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(AZ Family)   Somebody thinks the donation bin industry needs to be more heavily regulated   (azfamily.com) divider line 24
    More: Stupid, Tis, donations  
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4743 clicks; posted to Main » on 08 Dec 2013 at 7:47 AM (41 weeks ago)   |  Favorite    |   share:  Share on Twitter share via Email Share on Facebook   more»



24 Comments   (+0 »)
   
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2013-12-08 07:59:12 AM
Got a friend in Australia who agrees. He's pissed that they're letting items sit stockpiled (including food that's going to waste) at some church he's stuck volunteering at for his unemployment right now instead of actually giving the items to people in need--seems those donations don't go out from those bins except to people that particular place deems "fit" (read: members of that particular church whom the board decrees 'deserving of help').

Same goes here in the States--Salvation Army sells the stuff rather than giving it to people in need.

You want it to go to people in need, take it to a local homeless shelter. There's one here in Oklahoma City that I take my stuff to in order to donate it. Stuff that goes there actually goes to people in the shelter rather than getting sold.
 
2013-12-08 07:59:22 AM
I know it's early, so it could just be me, but that article was so poorly written. I am actually dumber for having read it.
 
2013-12-08 07:59:24 AM
So, let's get this sh*t in perspective, here.  The richest nation on earth has to set up fancy dumpsters with snazzy paint jobs so that they can collect crap nobody wanted anymore so that poor people will have clothing and shoes - and, bonus - there's a small industry of collecting these castoffs and selling them, instead.

:  /

www.cedmagic.com
"Come into the parlor."
 
2013-12-08 08:02:47 AM
Subby is an idiot. Companies were dropping of boxes in parking lots without the property owners permission, and making the look like a charity donation when they were not. The cluttered parking lots, and would become eyesores as they aged. Some boxes wouldn't have company contact information, if the property owners did want them removed. Permitting allows for rules to regulate the boxes, help property owners and protect the public from scammers.
 
2013-12-08 08:15:05 AM

Aigoo: Got a friend in Australia who agrees. He's pissed that they're letting items sit stockpiled (including food that's going to waste) at some church he's stuck volunteering at for his unemployment right now instead of actually giving the items to people in need--seems those donations don't go out from those bins except to people that particular place deems "fit" (read: members of that particular church whom the board decrees 'deserving of help').

Same goes here in the States--Salvation Army sells the stuff rather than giving it to people in need.

You want it to go to people in need, take it to a local homeless shelter. There's one here in Oklahoma City that I take my stuff to in order to donate it. Stuff that goes there actually goes to people in the shelter rather than getting sold.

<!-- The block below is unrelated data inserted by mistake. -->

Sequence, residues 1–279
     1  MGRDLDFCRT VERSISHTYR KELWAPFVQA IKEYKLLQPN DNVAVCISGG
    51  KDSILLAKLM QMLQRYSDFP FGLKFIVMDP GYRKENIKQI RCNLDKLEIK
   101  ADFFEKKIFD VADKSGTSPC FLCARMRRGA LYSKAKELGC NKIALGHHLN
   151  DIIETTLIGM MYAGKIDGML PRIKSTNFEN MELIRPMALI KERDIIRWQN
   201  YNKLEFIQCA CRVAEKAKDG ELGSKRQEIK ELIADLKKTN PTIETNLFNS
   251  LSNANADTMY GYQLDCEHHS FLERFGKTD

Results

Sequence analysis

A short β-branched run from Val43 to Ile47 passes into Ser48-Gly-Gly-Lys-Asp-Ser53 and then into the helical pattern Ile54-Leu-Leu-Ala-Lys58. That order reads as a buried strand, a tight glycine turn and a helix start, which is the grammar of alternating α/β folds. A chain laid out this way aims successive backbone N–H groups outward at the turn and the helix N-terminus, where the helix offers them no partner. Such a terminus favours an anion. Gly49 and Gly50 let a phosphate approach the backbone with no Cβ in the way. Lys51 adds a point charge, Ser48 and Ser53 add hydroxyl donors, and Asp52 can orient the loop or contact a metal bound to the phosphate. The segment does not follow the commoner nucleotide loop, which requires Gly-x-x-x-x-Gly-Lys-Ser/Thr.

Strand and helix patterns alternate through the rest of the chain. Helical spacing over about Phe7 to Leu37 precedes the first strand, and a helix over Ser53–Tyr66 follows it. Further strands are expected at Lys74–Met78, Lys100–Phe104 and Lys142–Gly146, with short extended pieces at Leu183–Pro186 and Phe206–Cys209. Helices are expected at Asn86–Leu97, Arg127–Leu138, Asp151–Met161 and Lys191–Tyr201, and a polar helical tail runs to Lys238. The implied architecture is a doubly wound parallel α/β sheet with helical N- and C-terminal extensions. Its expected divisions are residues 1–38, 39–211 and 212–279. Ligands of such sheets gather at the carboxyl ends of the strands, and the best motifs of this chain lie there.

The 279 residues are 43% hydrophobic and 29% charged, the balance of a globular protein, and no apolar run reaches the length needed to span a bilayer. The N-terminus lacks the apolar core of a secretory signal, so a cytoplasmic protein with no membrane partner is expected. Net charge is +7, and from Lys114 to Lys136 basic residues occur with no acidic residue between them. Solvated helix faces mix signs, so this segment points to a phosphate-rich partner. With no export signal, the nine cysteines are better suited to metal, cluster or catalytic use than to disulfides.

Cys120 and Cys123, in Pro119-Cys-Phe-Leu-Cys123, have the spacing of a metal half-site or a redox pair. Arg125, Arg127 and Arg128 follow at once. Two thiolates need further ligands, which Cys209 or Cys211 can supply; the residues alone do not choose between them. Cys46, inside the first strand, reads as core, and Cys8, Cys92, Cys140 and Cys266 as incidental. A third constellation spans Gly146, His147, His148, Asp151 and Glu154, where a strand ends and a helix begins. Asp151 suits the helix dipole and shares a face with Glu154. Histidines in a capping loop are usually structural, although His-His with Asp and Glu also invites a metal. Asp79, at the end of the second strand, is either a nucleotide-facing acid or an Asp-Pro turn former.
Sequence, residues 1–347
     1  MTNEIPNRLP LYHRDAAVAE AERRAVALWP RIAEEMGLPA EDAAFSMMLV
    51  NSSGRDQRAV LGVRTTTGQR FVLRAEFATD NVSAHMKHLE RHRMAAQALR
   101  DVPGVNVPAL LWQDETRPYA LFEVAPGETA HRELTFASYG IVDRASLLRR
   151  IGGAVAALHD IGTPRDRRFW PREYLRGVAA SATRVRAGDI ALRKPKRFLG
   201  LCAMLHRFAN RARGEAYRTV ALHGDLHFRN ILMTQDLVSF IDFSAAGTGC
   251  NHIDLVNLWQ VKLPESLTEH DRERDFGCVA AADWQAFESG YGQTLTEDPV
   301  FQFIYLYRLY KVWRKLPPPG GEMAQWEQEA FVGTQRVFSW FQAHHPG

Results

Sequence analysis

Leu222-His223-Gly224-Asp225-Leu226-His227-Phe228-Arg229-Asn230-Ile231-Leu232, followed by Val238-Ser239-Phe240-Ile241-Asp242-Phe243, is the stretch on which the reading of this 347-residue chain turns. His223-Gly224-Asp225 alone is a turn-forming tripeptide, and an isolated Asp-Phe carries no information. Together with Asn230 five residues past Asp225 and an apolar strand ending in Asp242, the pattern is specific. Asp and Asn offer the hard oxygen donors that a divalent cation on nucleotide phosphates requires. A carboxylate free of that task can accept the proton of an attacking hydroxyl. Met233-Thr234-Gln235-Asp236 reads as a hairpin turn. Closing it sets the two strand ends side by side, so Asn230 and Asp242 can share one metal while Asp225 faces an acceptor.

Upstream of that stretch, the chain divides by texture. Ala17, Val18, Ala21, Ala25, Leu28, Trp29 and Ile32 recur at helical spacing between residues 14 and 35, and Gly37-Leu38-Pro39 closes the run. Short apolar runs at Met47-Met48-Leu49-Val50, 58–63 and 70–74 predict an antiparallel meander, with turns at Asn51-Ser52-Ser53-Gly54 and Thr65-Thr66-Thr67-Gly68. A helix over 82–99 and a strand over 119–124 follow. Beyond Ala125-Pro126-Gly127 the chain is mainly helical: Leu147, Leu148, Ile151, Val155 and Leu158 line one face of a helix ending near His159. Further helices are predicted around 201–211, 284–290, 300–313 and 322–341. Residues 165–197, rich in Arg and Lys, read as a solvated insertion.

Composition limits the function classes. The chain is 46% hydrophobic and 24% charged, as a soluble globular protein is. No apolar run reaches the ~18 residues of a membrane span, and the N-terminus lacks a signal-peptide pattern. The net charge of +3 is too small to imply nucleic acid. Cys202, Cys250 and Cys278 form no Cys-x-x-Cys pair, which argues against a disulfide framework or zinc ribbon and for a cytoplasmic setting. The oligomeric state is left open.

The items they sell is to pay for other programs they run like homeless shelters, soup kitchens, disaster relief, drug rehab and such. They do however give plenty of the items donated to them away, whenever there is a natural disaster and you see a truckload of clothing and blankets show up, chances are it came from them. They also do a lot in local communities for people who lose everything in home fires and the like.
 
2013-12-08 08:35:41 AM

ReapTheChaos: Aigoo: Got a friend in Australia who agrees. He's pissed that they're letting items sit stockpiled (including food that's going to waste) at some church he's stuck volunteering at for his unemployment right now instead of actually giving the items to people in need--seems those donations don't go out from those bins except to people that particular place deems "fit" (read: members of that particular church whom the board decrees 'deserving of help').

Same goes here in the States--Salvation Army sells the stuff rather than giving it to people in need.

You want it to go to people in need, take it to a local homeless shelter. There's one here in Oklahoma City that I take my stuff to in order to donate it. Stuff that goes there actually goes to people in the shelter rather than getting sold.

The items they sell is to pay for other programs they run like homeless shelters, soup kitchens, disaster relief, drug rehab and such. They do however give plenty of the items donated to them away, whenever there is a natural disaster and you see a truckload of clothing and blankets show up, chances are it came from them. They also do a lot in local communities for people who lose everything in home fires and the like.


Came to say this. When you donate to Sal Val, you aren't donating directly to the homeless/poor, you're donating to the fundraising effort so they can actually help the homeless/poor/drug addicted with things they actually need.

Likewise, people like to biatch about Goodwill not giving items to poor people. That's not their gig. They operate the thrift stores to raise money for the disabled and disenfranchised, and to give them an opportunity to work in some cases.

If you want your shiatty second-hand Hello Kitty footie pajamas to go directly to some poor schmuck, there's always a dozen churches around with clothing drives going on.
 
2013-12-08 08:38:33 AM
Speaking as someone who's lucky enough to be able to drop stuff off at these things, I can't say that I truly care exactly what happens to it. Either way, the stuff is out of my place and doing someone else some good as opposed to if I'd just put it in the trash.

/Just went through my clothes and dropped off a bunch of stuff last week.
 
2013-12-08 08:44:59 AM
I'm gonna let trollmitter in on a secret. The reason we have regulations and a humorless beaurocracy to enforce them is that there is always some stupid motherfarker who can't be trusted to do the right thing. We actually let most things go until some stupid motherfarker doesn't do the right thing.